The Utah Pride Center is a non-profit 501(c)(3) organization in Salt Lake City, Utah. It has also been known as the Gay Lesbian Bisexual Transgender Community Center of Utah, Gay and Lesbian Community Center of Utah, The Center, and GLBTCCU.

The Center shares a building with the ACLU of Utah at 355 North 300 West.


Gay Community Service CenterEdit

The first gay community center in Utah was the Gay Community Service Center in the 1970s, which was revived briefly in the 1980s with the addition of a medical clinic during the early days of AIDS.

Utah Stonewall CenterEdit

The true history of the present day GLBTCCU actually begins with the Gay and Lesbian Community Council of Utah in 1986. This group attempted to foster communication between various LGBT groups and to provide a community-wide vision. Achievements of this group included a liaison to the Salt Lake City Police Department, programs involving outreach, anti-violence, AIDS awareness, and managing the Utah Pride Festival.

Among the most important contributions of the group, however, was the formation of the Utah Stonewall Center in 1991. [1]

Between 1991 and 1997, the Utah Stonewall Center was the first group to have a drop-in and resource center with a physical location. USC helped build a resource library (some of the surviving archives are now housed at the University of Utah J. Willard Marriott Library), provided meeting space for other groups, published a newsletter from 1993–1997 called The Center of Attention [2], and more.

Utah Stonewall Center officially broke from the Gay and Lesbian Community Council of Utah around 1995.

Gay and Lesbian Community Center of UtahEdit

In 1997, the Utah Stonewall Center closed its doors. In 1998, The Center opened its doors under different leadership with the name, Gay and Lesbian Community Center of Utah. The revamped community center included a cafe (Stonewall Coffee Co., 1998-2004), a lending library, meeting space, and a Youth Activity Center.

In 2002, The Center took over financial responsibility of the troubled Utah Pride, Inc. amidst much controversy.[3] Within a few years, all evidence of a separate organization running the Utah Pride Festival had been erased. In 2005, Utah Pride officially carried the tag "A Program of the Gay Lesbian Bisexual Transgender Community Center of Utah" on all advertising.

Mission Statement and PurposeEdit

Adopted in spring of 2005, the Mission Statement of The Center reads:

"The mission of the Utah Pride Center is to be a catalyst for personal growth, acceptance and equality for GLBT people in Utah." [4]

The Vision and Guiding Principles Statement reads:

"Our Vision: A GLBT community living openly in dignity united in working for acceptance and equality.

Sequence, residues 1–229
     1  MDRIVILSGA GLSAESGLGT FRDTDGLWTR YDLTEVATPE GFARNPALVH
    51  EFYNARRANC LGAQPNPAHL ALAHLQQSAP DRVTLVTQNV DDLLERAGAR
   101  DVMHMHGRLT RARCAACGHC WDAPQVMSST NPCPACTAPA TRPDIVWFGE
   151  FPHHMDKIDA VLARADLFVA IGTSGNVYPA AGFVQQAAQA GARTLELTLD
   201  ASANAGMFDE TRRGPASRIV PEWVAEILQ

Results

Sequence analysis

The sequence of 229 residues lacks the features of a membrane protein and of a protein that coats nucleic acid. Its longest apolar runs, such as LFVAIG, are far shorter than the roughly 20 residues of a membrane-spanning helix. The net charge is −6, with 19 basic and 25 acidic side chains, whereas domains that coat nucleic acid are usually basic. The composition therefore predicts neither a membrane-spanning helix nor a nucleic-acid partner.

The Guiding Principles are:

  • We believe in the dignity and equality of all people.
  • We believe in innovative thinking and responsible action.
  • We believe those individuals who know or who are questioning their sexual orientation or gender identity deserve a safe, nurturing environment.
  • We believe in programs which educate, empower and foster integrity.
  • We believe in celebrating diversity.
  • We believe in the importance of educating the community-at-large about issues affecting GLBT people.
  • We believe in working collaboratively with GLBT organizations locally and nationally."

Programs [6]Edit

  • Meeting Space Rental
  • Support Groups
  • Library
  • HIV/AIDS Testing
  • 12-step/addiction recovery meetings
  • Multiple Youth Programs
  • LGBT Diversity Education
  • Educational Forums and Town Hall Meetings
  • Utah Pride Festival
  • Salt Lake City WinterPride

Additionally, The Center provides meeting space or financial assistance and guidance to a number of smaller organizations known as affiliate programs, sponsors inter-organizational programs such the Utah GLBT Leadership Task Force and Utah GLBT Mental Health Task Force.

Executive Directors [7]Edit

Earlier Community CentersEdit

  • Dorothy Makin (1975, Gay Community Service Center)
  • Ken Storer (1976, Gay Community Service Center)
  • Auntie De and Beauchaine (1984, Gay Community Service Center and Clinic)
  • Craig Miller (1991, Utah Stonewall Center—a Project of the Gay and Lesbian Community Council of Utah)
  • Melissa Sillitoe (1992, Utah Stonewall Center—a Project of the Gay and Lesbian Community Council of Utah)
  • John Bennett, Renee Rinaldi, Michael O'Brien, and Alan Ahtow (1995-1997, Utah Stonewall Center)

Current CenterEdit

  • Monique Predovitch (1998, Gay and Lesbian Community Center of Utah)
  • Doug Wortham (1998, Gay and Lesbian Community Center of Utah)
  • Paula Wolfe (1999-2004, Gay and Lesbian Community Center of Utah)
  • Chad Beyer (2004, Gay Lesbian Bisexual Transgender Community Center of Utah)
  • Valerie Larabee (2004 - present, Utah Pride Center)

External linksEdit

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